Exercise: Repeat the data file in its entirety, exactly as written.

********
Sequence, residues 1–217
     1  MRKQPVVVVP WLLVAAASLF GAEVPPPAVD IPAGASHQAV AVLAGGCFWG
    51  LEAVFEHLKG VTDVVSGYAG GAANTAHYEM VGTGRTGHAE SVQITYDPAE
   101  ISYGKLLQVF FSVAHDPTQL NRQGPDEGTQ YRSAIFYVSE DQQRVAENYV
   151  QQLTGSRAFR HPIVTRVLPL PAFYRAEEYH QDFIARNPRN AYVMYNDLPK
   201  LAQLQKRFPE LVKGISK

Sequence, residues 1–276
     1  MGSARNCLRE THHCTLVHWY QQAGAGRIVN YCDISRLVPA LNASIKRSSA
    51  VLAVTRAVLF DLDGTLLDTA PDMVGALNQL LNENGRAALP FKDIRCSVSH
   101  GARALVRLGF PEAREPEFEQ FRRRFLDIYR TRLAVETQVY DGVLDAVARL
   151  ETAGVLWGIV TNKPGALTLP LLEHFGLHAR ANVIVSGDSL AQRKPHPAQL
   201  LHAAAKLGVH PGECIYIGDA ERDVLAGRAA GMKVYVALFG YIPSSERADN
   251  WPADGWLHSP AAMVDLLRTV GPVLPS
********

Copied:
Sequence, residues 1–217
     1  MRKQPVVVVP WLLVAAASLF GAEVPPPAVD IPAGASHQAV AVLAGGCFWG
    51  LEAVFEHLKG VTDVVSGYAG GAANTAHYEM VGTGRTGHAE SVQITYDPAE
   101  ISYGKLLQVF FSVAHDPTQL NRQGPDEGTQ YRSAIFYVSE DQQRVAENYV
   151  QQLTGSRAFR HPIVTRVLPL PAFYRAEEYH QDFIARNPRN AYVMYNDLPK
   201  LAQLQKRFPE LVKGISK

Sequence, residues 1–276
     1  MGSARNCLRE THHCTLVHWY QQAGAGRIVN YCDISRLVPA LNASIKRSSA
    51  VLAVTRAVLF DLDGTLLDTA PDMVGALNQL LNENGRAALP FKDIRCSVSH
   101  GARALVRLGF PEAREPEFEQ FRRRFLDIYR TRLAVETQVY DGVLDAVARL
   151  ETAGVLWGIV TNKPGALTLP LLEHFGLHAR ANVIVSGDSL AQRKPHPAQL
   201  LHAAAKLGVH PGECIYIGDA ERDVLAGRAA GMKVYVALFG YIPSSERADN
   251  WPADGWLHSP AAMVDLLRTV GPVLPS